*So far those robots only exist on pianos.

Thursday, June 7, 2018


Rightmark makes audio testing hardware which is interesting, and there's a free version.
Izotope RX for post. Way not free.
My ears have been clogged and it's really irritating. I've got these drops, but I may just go have them irrigated. Bleh.

FFT images of my three Oktava 012 mics with hypercardioid capsules aimed at an air purifier.

Oversampling in digital equalizers.

I am super irritated with  2.6 (or so) kHz. All my life the harshness of parallel walls or sopranos or something in this region has really bothered me. And other than notching it with a multiband compressor I just don't know what to do. Sometimes I think "Egads! Is that sound really happening in the space?" And... it is. Ugh.
I don't know why it takes me so many years to finally "get" what's bothering me. I have a specific memory of hearing a soprano sing at the little barn-theater at my high school and being bugged by it. I remember touring with the Wooster Group and being irritated by it once the volume got too loud. We could pull frequencies out, but it would get too muffled. Of course at the time all we had were sloppy Klark Teknik 31-band graphic eq's. So you could make the sound right when it was loud, but then when you got quiet again the sound was very muffled. It sorta sucked. A narrow-band de-esser might have worked but I don't know if there were any commercially available ones which went down that low (this was the early 90's.)
Anyway, I want some nice corrective eq's or something in the way of a phase-coherent hand-limited and frequency-variable compressor (without makeup gain.)
For classical music I'm really digging the preamps in the Zoom F8. I know, an unpopular opinion. But they're really great. There's just no inserts or EQ's available.
The new version of the F8 let's you record to your computer and to the SD cards simultaneously.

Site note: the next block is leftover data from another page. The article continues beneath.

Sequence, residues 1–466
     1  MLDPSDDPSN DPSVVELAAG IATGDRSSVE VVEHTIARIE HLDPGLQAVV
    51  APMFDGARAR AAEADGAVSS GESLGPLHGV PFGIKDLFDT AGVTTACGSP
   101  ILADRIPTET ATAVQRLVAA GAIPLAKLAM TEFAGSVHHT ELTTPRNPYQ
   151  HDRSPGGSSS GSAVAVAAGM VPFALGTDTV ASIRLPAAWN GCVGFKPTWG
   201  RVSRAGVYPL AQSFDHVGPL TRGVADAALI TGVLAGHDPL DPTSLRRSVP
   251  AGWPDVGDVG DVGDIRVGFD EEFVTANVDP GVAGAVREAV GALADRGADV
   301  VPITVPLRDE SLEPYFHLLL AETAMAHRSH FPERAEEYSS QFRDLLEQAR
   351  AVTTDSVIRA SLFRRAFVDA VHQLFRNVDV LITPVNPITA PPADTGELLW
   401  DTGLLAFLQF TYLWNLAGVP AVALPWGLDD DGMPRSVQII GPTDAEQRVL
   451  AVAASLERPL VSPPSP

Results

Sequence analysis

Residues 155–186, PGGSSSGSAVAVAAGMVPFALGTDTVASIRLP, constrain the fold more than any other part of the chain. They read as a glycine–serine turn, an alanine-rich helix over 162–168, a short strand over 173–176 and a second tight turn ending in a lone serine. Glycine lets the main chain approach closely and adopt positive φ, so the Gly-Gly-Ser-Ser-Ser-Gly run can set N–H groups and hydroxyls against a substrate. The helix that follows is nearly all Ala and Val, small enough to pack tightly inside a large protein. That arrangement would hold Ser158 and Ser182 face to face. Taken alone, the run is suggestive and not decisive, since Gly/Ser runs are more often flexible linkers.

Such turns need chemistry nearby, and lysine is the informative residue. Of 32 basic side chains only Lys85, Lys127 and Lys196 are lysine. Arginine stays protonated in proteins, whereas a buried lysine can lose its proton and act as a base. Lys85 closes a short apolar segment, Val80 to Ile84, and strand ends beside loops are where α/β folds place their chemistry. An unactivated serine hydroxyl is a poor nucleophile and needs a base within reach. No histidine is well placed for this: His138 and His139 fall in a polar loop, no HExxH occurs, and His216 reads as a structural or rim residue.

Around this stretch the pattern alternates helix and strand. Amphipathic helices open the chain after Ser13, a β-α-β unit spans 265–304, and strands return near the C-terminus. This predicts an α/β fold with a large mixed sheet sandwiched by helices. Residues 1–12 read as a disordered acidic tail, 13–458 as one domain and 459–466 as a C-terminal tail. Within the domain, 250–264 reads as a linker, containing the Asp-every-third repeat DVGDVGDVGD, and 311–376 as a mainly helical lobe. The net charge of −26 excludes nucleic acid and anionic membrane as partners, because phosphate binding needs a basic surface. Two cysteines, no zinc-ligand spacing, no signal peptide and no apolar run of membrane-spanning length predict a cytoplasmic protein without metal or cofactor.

I would b interested in knowing what the preamps on (say) a Midas M32r sound like.

Monday, June 4, 2018

Pro Audio is Malarkey

Or: grousing for fun and profit.

The stereotype of sound guys is that they're lazy jerks. Just because that's true doesn't make it so, of course. But yeah.
One problem is the sheer amount of religion in sound. It's virtually impossible to do a real A/B comparison that's double-blind. But it can be done.
Firstwise is the infamous Sound On Sound preamp test where they could really do a double-blind listen to the same source. Remember this one? It's the one that showed that the cheap $300 ART tube mic preamp and the cheaper Mackie VLZ preamps to beat out Neve, API, and SSL. Yeah. That one.

Over at JWSound a poor user dared to test the Rode NT5 against the Schoeps MK41. Foolish mortal, he. (And don't get me started on how the nominal competence level of the production sound mixer is so far below average studio intern as to simply be embarrassing. I mean, they as a group have zero clue about what they're doing and the kind of audio they/we do is very simple. Not always easy, but always simple.)

And then there are these blind preamp tests.

I did a really un-scientific test of my three Oktava 012 mics with hypercardioid capsules.

You know something's up when the fear of a double-blind study is so great that people try to deliberately skunk the results.  Remember Ian Shepherd's test of humans vs LANDR and Aria machines?  (I know, it wasn't his test but he did work on it and I can't find any links to it now.) Well it turns out the "blind" listeners were super-affected by comments other people made. So the differences between man and machine weren't really all that significant (although they were there... we think.)

I have a notion that much of the actual differences in audio gear is that equipment has become on average vastly better than it used to be. A/D converters, for instance, are much better now than they used to be and that's true of mic preamps and analog signal paths as well as microphones themselves. I do have a great deal of difficulty caring about the difference between a U87 and a Rode NT1. I just... I don't care. An EQ will do whatever it is you need to an NT1 to make it a U87.